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Becoming Healthy Through Grief

If you have grieved or are currently grieving, then you know that your body goes through some changes. In the previous blog from last week, we discussed addressing our truth. And the truth is grief changes us and sometimes it is not in a good way. Grief can give us an awakening moment, but grief can also make us sink to a very dark place. 

When I grieved as an adult versus as a child or a teen, it looked different. As an adult, I lost my mind. At least that is how I felt. I felt like I could not look into the mirror and recognize myself. 



What does grief do to the body?

Let's be clear though, grief is an individual journey, so we all do not feel everything, but these are common traits. Grief can mess with our mental health. We can develop Major Depression or Post-Traumatic Stress Disorder (PTSD), problems with sleep, appetite, weight, concentration, and energy level. 

How do we become healthy while dealing with grief? 

Well, there are a couple of different ways. One of the first ways is to address, "I am grieving. I am hurt. This sucks."



I wanted to be so strong during my grief when my mom passed, but I literally could not go back to normal. It was hard to be happy about anything. So, I had to admit to myself and the people in my life, "I am not okay, and it will be a while before I am okay ever again." 

While this step is hard, even though it sounds easy, we have to admit that I am grieving. 

Secondly, I think maybe we should understand the stages of grief. The stages of grief are credited to Elisabeth Kubler-Ross. The stages are denial, anger, bargaining, depression, and acceptance. One thing to notice is that these stages do not go into chronological order. For example, even though I have accepted that my mom has passed away, I am still in shock. There are days that I wake up, and I am saying to myself, "Dang, mommy really died." Anger... I was angry at the world. It seemed like everyone around me was able to live their life and have all this good news, and I was still trying to be supportive, but in actuality, I was angry because I felt like I couldn't move on. My mom was killed, and we were fighting for my brother's life, and everyone seemed to have sunshine, and I was in a sunken place. How come everyone else got to be happy, but I was suffering. I couldn't breathe. I couldn't eat. I couldn't enjoy life. I was lonely. It seemed like no one understood. 



Grief does that to you. It will have you playing the comparison game. We tend to compare ourselves to the people around us and wonder why we are experiencing this death.

Thirdly, we have to figure out an outlet for all those emotions that we have because of our situation. I started practicing yoga, and I found a gym that offered dance classes that I enjoyed. I took breaks. When it got too much, I took a step back. So you might to do some self-research and figure out what gives you a little drop of sunshine during this storm.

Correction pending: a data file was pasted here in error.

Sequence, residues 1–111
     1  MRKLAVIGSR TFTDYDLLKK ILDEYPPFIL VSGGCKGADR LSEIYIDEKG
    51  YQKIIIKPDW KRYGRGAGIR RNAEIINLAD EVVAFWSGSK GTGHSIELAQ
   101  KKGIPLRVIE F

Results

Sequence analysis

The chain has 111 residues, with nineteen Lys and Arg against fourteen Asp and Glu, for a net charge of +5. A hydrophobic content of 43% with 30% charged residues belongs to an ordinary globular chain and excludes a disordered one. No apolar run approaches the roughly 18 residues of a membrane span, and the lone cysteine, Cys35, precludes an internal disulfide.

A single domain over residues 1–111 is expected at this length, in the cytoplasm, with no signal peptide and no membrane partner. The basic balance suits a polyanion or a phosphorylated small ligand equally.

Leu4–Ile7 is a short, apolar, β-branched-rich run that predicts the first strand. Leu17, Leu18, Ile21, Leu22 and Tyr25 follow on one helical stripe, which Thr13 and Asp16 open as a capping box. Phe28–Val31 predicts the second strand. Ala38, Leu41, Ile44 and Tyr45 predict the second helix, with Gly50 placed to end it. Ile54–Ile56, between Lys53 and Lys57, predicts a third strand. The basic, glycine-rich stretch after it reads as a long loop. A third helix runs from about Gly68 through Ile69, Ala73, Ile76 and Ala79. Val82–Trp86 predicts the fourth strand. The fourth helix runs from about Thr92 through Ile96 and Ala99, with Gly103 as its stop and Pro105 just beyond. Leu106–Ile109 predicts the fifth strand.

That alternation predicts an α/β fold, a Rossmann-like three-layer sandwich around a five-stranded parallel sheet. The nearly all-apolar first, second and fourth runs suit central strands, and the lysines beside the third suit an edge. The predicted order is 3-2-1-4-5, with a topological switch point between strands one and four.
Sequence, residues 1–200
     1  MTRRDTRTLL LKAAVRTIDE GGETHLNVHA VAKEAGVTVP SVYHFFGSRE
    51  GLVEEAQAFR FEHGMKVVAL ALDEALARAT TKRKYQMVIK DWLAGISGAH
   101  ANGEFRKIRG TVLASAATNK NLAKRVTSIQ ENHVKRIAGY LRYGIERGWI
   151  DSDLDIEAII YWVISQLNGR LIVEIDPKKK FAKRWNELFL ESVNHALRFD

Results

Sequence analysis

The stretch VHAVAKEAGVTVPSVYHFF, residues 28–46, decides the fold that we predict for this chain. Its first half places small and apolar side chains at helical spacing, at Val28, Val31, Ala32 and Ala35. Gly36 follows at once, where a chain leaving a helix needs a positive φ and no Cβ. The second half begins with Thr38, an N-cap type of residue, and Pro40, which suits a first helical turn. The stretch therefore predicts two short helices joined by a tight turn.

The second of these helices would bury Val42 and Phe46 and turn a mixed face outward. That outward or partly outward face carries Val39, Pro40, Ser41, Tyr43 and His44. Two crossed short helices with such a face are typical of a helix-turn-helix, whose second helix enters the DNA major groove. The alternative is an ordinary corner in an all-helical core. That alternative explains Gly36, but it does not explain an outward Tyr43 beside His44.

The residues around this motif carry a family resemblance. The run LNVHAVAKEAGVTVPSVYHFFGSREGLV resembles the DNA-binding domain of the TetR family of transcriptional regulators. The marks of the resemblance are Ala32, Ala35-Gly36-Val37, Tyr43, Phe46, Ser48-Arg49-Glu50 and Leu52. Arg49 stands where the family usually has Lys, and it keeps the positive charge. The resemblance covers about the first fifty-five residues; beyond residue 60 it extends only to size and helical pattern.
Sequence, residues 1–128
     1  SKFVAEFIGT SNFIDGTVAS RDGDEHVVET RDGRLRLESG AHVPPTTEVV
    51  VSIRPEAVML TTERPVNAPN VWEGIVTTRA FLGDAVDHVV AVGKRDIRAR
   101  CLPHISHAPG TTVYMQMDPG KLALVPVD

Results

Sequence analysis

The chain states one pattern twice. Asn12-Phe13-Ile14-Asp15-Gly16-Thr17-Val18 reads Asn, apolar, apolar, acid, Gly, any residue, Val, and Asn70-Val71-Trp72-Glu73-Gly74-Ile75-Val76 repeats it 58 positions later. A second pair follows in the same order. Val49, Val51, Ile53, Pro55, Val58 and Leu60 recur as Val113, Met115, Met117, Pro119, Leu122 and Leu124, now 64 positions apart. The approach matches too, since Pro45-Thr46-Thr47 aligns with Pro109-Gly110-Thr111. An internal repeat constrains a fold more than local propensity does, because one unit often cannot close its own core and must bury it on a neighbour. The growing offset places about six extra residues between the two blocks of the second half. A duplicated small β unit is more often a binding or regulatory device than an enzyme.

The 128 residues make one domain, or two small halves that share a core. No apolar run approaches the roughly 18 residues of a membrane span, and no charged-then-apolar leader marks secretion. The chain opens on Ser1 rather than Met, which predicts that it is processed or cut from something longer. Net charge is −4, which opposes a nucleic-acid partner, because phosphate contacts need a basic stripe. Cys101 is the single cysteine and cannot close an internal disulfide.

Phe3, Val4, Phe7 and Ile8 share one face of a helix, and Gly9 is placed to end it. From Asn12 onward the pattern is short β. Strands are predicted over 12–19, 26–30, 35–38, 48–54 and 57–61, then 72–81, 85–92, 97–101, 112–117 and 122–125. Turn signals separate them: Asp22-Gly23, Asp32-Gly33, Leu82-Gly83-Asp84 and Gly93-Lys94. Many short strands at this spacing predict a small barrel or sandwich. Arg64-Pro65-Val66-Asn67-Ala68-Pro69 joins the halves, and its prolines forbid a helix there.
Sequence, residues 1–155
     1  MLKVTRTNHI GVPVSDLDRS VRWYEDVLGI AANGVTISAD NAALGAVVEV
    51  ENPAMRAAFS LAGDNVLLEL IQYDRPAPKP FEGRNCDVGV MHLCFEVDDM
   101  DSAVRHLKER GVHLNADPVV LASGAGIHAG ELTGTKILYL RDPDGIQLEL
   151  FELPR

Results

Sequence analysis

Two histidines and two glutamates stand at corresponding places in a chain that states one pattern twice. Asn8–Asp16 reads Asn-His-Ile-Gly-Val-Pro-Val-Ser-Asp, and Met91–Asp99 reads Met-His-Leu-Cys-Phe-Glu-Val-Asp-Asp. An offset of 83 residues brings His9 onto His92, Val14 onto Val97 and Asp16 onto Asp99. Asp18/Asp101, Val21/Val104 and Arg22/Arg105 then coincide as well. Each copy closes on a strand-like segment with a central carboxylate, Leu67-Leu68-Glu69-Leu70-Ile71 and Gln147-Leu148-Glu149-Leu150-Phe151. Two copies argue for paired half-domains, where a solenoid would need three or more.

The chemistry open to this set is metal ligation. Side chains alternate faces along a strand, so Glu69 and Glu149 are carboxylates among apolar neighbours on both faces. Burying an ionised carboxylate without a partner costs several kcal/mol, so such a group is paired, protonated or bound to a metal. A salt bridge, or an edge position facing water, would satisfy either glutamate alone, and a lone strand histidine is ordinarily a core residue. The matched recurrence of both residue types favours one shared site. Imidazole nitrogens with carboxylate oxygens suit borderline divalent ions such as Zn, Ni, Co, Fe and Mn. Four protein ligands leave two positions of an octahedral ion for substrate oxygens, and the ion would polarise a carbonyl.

Fourth, we might need professional help. So you might join a grief group, support group, or seek a mental health professional. This might be uncomfortable because it requires you to research, be vulnerable, and you have to speak to a total stranger. 

When my mom passed, I had a job that offered EAP (Employee Assistance Program). This allowed me to see a counselor for free for a couple of sessions. As soon as I was able to, I searched for counselors that met the criteria that I had for a counselor, and I reached out. I asked if they accepted EAP. And from there I met with her every week. It was tough at first because I was just so confused, but being honest with her and letting her know what I needed and what I was looking for in a counselor. She listened, and in the following session, she incorporated the ideas I told her. 

So, I have to say I wish I had the formula to give you to become healthy while grieving. But the honest answer is you might have to try more than one thing until you find your rhythm. Also, it may not be easy to find a counselor or therapist or grief group. It may take a couple of tries. Also, grief does not have a timeline. So one year you might be fine, but the next year you might not. One day you might feel fine, and the next day might just suck. So, what you have to do is figure out, "what is healthy to me?" Look into or list items and activities that you can do and start fitting those things in your schedule. It will not be a smooth transition, and it may not even feel fun at first. But you have to realize that you are trying to become healthy. Exercise does help us, and drinking water helps us. But ultimately grief forces us to yes to us and no to everything else. But we have to remember that we need to honor our mind, body, and soul. Also, I want to let you know that you are not alone. We are going to continue this discussion about grief. So we hope you come back next week! As always, love you the way you love the world.



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